My recent post about the altar inscription Paul saw in Athens–did it say “To an unknown god” or “To the unknown God”?–was prompted, as I noted there, by a conversation I had with a friend who does sociolinguistic analysis of the New Testament and early Christian literature. One thing she has helped me see much more clearly is the way biblical characters employ either “insider” or “outsider” language depending on the audience. (To give a contemporary example, a follower of Jesus today might speak of “the Lord” to a known fellow believer, but of “God” instead to someone whose faith they aren’t sure of.)
Since this conversation I’ve been seeing more ways in which recognizing “insider” and “outsider” language can help us appreciate the possible dynamics of biblical episodes. Consider, for example, the episode in Acts in which a believer named Ananias is asked to visit Saul of Tarsus (later known as Paul) right after Jesus has appeared to Saul on the Damascus Road.
Ananias first greets him as “Brother Saul” (Saoul adelphe). This is how followers of Jesus addressed one another. Does this mean that Ananias is immediately acknowledging Saul as a fellow believer? Not necessarily. This is also the way one Jew would typically greet another in the Roman Empire. My friend thinks, and I agree, that the original audience of Acts would have sensed the ambiguity here, and many of them may have thought, “Okay, he’s playing it safe, appealing to their shared Jewish identity to create some common ground with this man who, for all he knows, might still be an enemy.”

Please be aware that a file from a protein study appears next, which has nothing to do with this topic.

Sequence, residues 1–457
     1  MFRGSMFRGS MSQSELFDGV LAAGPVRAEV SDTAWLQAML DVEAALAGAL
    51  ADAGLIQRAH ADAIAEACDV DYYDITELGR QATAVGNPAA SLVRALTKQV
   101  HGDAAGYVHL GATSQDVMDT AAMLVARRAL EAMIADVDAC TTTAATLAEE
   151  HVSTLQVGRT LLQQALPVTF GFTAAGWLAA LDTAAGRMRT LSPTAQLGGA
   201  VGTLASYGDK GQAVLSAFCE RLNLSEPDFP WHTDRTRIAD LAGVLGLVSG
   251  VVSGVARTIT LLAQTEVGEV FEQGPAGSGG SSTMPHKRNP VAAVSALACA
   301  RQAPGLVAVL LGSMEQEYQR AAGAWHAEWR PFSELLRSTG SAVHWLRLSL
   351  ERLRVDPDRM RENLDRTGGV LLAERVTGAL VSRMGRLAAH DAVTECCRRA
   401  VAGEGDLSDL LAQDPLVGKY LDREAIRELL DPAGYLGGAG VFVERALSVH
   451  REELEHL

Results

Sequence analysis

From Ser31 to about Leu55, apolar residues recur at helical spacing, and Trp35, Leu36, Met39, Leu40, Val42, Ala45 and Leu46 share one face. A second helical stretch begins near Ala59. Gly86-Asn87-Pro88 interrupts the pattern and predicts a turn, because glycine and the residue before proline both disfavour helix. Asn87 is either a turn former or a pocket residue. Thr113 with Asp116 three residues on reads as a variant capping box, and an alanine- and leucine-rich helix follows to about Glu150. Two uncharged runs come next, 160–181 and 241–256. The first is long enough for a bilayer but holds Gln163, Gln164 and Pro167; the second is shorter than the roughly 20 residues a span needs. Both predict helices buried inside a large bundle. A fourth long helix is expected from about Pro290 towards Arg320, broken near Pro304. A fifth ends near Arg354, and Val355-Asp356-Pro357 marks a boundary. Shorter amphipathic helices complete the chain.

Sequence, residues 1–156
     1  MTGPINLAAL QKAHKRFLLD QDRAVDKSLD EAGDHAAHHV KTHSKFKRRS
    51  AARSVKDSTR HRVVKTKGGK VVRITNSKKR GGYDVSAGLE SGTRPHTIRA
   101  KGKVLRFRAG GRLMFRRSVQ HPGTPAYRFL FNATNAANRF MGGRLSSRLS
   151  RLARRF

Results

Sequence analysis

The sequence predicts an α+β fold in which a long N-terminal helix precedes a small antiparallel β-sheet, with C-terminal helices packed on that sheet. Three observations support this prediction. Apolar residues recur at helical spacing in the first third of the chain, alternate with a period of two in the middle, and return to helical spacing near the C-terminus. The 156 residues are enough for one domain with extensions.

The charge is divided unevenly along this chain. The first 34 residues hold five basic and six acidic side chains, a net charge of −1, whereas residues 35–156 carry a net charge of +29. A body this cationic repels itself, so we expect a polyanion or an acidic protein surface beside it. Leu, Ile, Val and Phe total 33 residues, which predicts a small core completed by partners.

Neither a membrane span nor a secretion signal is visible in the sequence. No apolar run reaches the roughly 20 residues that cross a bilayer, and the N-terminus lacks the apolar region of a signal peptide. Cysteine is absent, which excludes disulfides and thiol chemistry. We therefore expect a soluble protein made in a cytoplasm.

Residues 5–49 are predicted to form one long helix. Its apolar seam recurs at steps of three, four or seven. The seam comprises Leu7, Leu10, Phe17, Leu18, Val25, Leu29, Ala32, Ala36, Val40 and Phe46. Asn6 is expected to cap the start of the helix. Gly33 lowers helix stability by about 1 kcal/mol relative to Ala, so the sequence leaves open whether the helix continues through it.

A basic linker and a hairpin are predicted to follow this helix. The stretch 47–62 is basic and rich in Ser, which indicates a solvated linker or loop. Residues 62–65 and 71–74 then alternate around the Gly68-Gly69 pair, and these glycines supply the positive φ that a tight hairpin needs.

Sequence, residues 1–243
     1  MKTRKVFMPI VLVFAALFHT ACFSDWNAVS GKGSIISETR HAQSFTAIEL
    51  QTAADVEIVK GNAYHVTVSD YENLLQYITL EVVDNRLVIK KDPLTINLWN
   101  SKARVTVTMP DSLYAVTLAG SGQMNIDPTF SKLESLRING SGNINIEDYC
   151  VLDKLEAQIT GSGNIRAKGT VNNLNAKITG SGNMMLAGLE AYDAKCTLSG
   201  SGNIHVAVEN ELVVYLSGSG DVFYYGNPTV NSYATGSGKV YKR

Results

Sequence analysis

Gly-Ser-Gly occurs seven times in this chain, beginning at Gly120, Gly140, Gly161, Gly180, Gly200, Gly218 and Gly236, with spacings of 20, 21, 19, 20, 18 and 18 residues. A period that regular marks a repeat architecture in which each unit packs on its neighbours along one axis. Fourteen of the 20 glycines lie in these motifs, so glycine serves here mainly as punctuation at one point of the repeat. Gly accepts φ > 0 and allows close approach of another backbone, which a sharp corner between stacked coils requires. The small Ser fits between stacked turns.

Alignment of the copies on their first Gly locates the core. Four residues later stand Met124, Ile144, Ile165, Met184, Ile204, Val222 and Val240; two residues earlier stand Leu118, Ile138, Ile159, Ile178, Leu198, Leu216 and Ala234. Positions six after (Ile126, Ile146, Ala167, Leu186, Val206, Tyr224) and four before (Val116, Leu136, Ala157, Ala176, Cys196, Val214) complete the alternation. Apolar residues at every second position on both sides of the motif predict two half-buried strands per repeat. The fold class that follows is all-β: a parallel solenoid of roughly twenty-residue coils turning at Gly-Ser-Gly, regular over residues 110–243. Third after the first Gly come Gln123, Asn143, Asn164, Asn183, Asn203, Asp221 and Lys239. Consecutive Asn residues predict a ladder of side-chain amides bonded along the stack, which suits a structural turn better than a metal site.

However, Ananias says next, “The Lord has sent me” (ho kurios apestalken me), using insider language for Jesus (“the Lord”), as if he were sure that Saul really was a follower of Jesus now. This suggests that “brother Saul” maybe was intended as the greeting of a fellow believer.
But then it appears that Ananias worries he may have gone too far out on a limb too early, because he immediately qualifies who “the Lord” is: “Jesus who appeared to you on the road as you were coming here.” This is outsider language: the proper name Jesus with a descriptor, like “Jesus of Nazareth . . . a man accredited by God” in Peter’s Pentecost sermon.
We don’t get much more of the dialogue, but I’m sure that when Ananias saw the scales fall from Saul’s eyes, he was probably comfortable going back to “the Lord” as a name for Jesus! But the movement from language that could be taken “safely,” to insider language, to outsider language shows that Ananias was obediently going into a dangerous situation courageously but carefully. (As we all should do when God–you know, the Lord–sends us into one.)
What “insider” and “outsider” language are you seeing as you read the Word–you know, the Bible?